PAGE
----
FERC Comments on Proposed Rule to Reform PURPA

By at 3 December, 2019, 11:01 am

The Honorable Neil Chatterjee


Federal Energy Regulatory Commission

888 First Street, NE

Washington, DC  20426


RE: Federal Energy Regulatory Commission’s “Qualifying Facility Rates and Requirements; Implementation Issues Under the Public Utility Regulatory Policies Act of 1978” 84 Federal Register 53246 (October 4, 2019) [Docket Nos. RM19-15-000 and AD16-16-000]

Dear Chairman Chatterjee,

The Small Business and Entrepreneurship Council (SBE Council) is an advocacy, research and education organization dedicated to protecting small business and promoting entrepreneurship.  Our network of supporters, including entrepreneurs and small business owners, state and local business organizations, private-sector partners and associations work with us to strengthen the environment for robust entrepreneurship, investment, innovation and small business growth.

Today, I am writing to express my organization’s strong support for the Federal Energy Regulatory Commission’s (FERC) proposed rule to reform the Public Utility Regulatory Policies Act of 1978 (PURPA).  PURPA – the now forty-year old law enacted in response to the energy crises of the 1970s – does not reflect the reality of today’s energy markets. Instead, PURPA is actively harming American small business interests by causing artificially high electricity prices throughout the country.

As I am sure you are well aware, the cost of electricity is a major expense for many types of small businesses. As SBE Council’s chief economist Raymond Keating notes in his annual “Small Business Policy Index” report: “All businesses use electricity, and for some, electricity costs rank among the highest expenses. High electricity rates due to hefty taxes and heavy-handed, misguided regulations can play a significant part in business decision-making.”

SBE Council’s “Small Business Policy Index 2019” ranks the states on policy measures and costs impacting small business and entrepreneurship, and unrealistic renewable energy mandates can be an impediment to economic growth, investment, business formation and job creation, which is why it is used as a measurement in the Index. As Mr. Keating noted in the report, these mandates “drive up the cost of electricity for entrepreneurs and businesses, as the mandates require the use of higher cost energy sources.”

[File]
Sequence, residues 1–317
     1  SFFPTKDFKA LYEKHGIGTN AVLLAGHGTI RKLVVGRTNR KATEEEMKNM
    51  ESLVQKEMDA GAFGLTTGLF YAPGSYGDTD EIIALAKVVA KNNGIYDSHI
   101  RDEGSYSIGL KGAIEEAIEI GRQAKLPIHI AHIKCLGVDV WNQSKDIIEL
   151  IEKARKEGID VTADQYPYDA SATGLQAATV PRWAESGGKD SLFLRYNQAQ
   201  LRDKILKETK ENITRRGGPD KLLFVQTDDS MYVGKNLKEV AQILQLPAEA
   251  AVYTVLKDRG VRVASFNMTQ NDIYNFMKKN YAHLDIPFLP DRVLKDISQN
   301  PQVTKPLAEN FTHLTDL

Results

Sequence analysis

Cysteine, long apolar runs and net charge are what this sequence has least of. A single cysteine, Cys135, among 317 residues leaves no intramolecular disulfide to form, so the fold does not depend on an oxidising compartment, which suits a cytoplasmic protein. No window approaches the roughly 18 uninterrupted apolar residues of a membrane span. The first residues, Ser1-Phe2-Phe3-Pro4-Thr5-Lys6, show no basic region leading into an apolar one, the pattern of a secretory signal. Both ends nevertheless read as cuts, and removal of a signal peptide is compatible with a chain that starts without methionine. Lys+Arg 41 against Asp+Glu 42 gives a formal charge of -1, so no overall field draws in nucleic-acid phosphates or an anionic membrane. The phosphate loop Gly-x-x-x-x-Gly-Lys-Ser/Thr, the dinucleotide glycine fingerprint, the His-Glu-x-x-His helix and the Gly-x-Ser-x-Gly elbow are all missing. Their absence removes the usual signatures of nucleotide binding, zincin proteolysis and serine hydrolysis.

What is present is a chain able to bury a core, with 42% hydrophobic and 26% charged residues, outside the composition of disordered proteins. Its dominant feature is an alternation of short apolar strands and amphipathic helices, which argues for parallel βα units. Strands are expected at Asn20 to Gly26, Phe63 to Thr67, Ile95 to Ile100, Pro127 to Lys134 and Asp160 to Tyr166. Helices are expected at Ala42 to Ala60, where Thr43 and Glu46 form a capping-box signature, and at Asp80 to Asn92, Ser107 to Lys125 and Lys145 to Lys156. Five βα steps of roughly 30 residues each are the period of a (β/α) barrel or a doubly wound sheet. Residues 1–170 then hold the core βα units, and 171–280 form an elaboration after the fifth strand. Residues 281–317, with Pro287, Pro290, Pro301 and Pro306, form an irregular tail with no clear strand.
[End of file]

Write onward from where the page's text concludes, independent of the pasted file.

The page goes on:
In the 2019 Index, we summarize that, “When political incentives trump economics, the impact of higher taxes, increased regulation, and much higher levels of government spending and debt simply are ignored.”   Unfortunately, PURPA fits this bill all too well.  The law is inflexible, incentivizes manipulation by certain renewable energy investors, encourages inefficient allocation of capital, and causes other market distortions that negatively impact efficiency, innovation, and costs. The program’s outdated mandates drive electricity costs higher than they would otherwise be.

PURPA is harming small businesses that rely upon affordable electricity prices to operate efficiently and profitably. FERC has made the smart decision to update this law and how it’s implemented. We believe there are several key areas to focus reforms efforts – from the one-mile rule to lowering the 20-Megawatt threshold mandatory purchase obligation.  Moreover, FERC should allow states to change how they calculate avoided cost under PURPA so that contracts between utilities and so-called “qualifying facilities” better reflect market trends and prices.  These common-sense changes, among others, would revitalize the energy marketplace, allowing increased competition and lower costs for all businesses involved.

In its current form, PURPA is stuck in the past, regulating a renewable energy industry that doesn’t need government subsidies and mandates. The law needs to be modified to reflect the realities of today’s competitive electricity marketplace. By lifting the burden of onerous and unnecessary regulation, and unleashing market forces, energy prices will naturally decline. As a result, small businesses, the backbone and innovators of the American economy, will have greater opportunity to flourish throughout the United States and compete on a global scale.

Thank you for the opportunity to comment on this proceeding.


Karen Kerrigan
President & CEO


cc:       Commissioner Richard Glick

Commissioner Bernard L. McNamee


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